Your Anonymous Reviews and Comments May Not Be Anonymous Much Longer

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Screenshot by Kaitlin Steinberg
A Virginia court set a new free speech precedent, and Yelp ain't happy about it.
So much for free speech.

Last week, a Virginia court ruled that Yelp must turn over the identities of seven anonymous reviewers of a carpet store because the commenters may not have been actual customers. According to Yelp's terms of service:

"You may expose yourself to liability if, for example, Your Content contains material that is false, intentionally misleading, or defamatory; violates any third-party right, including any copyright, trademark, patent, trade secret, moral right, privacy right, right of publicity, or any other intellectual property or proprietary right; contains material that is unlawful, including illegal hate speech or pornography; exploits or otherwise harms minors; or violates or advocates the violation of any law or regulation.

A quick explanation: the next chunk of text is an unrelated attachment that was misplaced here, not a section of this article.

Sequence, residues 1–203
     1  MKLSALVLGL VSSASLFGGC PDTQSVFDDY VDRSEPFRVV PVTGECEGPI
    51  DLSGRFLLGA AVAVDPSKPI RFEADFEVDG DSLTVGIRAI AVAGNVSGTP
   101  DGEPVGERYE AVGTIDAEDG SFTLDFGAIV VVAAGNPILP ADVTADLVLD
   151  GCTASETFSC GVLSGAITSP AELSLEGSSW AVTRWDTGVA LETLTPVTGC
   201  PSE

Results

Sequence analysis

The part that stood out to the court in Virginia is the bit about "material that is false." According to the court, these statements aren't protected by the First Amendment right to free speech. By that logic, neither are your restaurant reviews on Yelp or your anonymous comments on blogs unless they're clearly non-libelous opinions or verifiable statements of fact ... Right?

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